Stars don’t make me dream as much as they remind me how amazing the universe is. Take starlight, for instance.
Looking at starlight is like traveling back in time because, depending on a star’s distance from Earth, its light can take as little as four years to get here, or as many as 7,000.
Think about it the next time you’re looking at the Big Dipper. Light from its closest star takes 79 years to reach Earth. For the farthest, it’s 123 years. When I’m stargazing, I can’t wrap my mind around the idea that I’m looking at slices of history.
Still, we can make some sense of the night sky. Constellations help us see stars as groups rather than as scattered points of light.
Last summer, I spent more time stargazing than I ever have, and I began trying to learn constellations I didn’t already know. Many people can recognize at least a couple. The Big Dipper is probably best known. This time of year, easy-to-spot Orion (the Hunter) dominates the south sky.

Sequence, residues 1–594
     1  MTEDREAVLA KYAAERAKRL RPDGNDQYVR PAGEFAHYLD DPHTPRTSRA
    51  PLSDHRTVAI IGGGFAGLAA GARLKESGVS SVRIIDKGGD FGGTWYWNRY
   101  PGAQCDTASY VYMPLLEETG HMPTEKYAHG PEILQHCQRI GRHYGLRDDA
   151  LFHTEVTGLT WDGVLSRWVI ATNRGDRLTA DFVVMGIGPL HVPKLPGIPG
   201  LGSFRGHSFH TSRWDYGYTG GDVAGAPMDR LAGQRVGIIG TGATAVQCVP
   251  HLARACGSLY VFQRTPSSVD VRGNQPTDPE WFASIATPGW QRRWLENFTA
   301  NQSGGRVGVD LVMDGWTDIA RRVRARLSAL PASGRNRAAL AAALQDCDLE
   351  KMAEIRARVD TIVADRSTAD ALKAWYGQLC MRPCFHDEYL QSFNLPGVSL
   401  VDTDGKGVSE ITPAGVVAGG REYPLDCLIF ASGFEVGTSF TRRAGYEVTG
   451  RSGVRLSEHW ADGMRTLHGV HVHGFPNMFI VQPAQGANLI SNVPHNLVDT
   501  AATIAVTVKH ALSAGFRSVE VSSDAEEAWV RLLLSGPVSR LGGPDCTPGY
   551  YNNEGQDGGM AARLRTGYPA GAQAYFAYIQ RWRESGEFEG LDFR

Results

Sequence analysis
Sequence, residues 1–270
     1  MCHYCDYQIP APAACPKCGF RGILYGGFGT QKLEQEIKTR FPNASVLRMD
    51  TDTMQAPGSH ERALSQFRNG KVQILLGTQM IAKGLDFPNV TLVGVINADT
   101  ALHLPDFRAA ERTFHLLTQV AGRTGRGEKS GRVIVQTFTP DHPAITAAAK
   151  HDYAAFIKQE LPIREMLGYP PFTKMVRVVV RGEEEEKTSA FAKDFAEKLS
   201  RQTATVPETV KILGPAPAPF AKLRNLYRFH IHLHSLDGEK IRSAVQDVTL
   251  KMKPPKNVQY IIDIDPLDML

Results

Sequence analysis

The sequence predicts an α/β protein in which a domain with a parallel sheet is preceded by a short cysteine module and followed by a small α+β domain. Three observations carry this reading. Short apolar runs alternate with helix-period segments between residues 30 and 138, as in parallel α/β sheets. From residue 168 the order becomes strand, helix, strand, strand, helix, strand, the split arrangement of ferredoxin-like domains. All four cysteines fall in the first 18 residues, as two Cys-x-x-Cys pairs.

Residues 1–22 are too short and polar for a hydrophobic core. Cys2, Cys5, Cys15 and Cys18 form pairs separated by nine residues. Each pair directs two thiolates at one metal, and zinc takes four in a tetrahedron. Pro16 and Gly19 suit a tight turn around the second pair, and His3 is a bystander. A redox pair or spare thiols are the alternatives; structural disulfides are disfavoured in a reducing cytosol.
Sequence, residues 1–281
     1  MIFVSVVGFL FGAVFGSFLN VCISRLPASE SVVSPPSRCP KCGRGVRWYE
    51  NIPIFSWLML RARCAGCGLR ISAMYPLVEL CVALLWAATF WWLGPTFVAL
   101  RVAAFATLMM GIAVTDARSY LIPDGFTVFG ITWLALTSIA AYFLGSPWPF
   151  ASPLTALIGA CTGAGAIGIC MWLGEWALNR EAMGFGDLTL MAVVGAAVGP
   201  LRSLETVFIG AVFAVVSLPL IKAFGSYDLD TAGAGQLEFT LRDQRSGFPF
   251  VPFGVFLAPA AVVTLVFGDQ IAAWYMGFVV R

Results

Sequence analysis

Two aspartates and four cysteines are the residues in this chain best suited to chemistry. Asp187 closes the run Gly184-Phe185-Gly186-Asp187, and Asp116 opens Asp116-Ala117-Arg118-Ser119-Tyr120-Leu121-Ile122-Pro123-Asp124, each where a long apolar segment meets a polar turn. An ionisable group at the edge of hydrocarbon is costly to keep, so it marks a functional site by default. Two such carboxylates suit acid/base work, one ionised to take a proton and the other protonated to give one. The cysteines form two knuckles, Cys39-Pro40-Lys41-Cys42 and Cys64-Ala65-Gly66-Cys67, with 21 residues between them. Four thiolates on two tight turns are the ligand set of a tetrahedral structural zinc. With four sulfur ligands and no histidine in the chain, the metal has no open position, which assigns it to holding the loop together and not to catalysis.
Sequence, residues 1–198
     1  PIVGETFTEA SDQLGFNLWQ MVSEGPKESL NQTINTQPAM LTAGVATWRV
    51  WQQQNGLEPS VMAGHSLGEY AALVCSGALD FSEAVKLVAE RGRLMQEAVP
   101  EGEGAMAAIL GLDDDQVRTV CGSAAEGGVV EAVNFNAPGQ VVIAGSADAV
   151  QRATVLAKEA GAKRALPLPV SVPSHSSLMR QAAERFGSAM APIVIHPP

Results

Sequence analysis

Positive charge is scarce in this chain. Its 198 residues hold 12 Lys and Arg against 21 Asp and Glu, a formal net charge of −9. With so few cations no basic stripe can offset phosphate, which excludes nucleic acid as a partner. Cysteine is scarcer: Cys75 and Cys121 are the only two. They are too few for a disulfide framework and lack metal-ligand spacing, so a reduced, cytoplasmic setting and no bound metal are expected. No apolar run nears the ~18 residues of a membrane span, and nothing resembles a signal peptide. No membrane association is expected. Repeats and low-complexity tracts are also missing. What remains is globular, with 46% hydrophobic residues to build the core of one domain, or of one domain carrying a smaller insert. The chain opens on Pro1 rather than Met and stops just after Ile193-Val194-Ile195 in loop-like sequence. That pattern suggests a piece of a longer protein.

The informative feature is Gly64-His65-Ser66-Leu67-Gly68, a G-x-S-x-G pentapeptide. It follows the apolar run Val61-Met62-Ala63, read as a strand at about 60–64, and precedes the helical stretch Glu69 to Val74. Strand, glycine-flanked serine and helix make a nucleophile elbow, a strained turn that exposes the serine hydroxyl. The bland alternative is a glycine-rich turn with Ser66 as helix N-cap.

I learn constellations by starting with ones I know and then trying to learn their neighbors. If a constellation has a bright star or distinct shape, it’s usually easy to figure out.
Once you can pick out the Big Dipper and Little Dipper, for example, it’s easy to find Draco (the Dragon) snaking between them. Once you know Orion, it’s easy to spot Canis Major (the Great Dog) scampering at Orion’s heel.
And after you use the brightest stars in Orion and Canis Major as guides to find the relatively obscure Canis Minor, you’ll be hooked. It’s a great way to relax.
You may be content with lying back on a blanket or folding lounge, looking at the constellations and planets, and watching for satellites and shooting stars. Or maybe you’ll want to look for more: nebulas, star clusters and galaxies other than our Milky Way. To see them, though, you need a telescope.
The most common advice for newbies is to buy a good beginner’s telescope instead of paying hundreds of dollars more for a better one, because it may turn out you won’t use it as much as you expect.
With warmer spring weather coming—and, I hope, clearer skies—I just ordered a small telescope. It cost less than $140, including shipping.
As I use it, I’ll be reminded of just how small our place in the universe is. But despite the smallness, we are still part of it.
Owsley Stanley, a key figure in the West Coast countercultural movement in the 1960s, said, "We are all here by the grace of the big bang. We are all literally the stuff of the stars."
Perhaps that’s why we look up at night—to be reassured that eventually, we’ll return to where we started and shine again.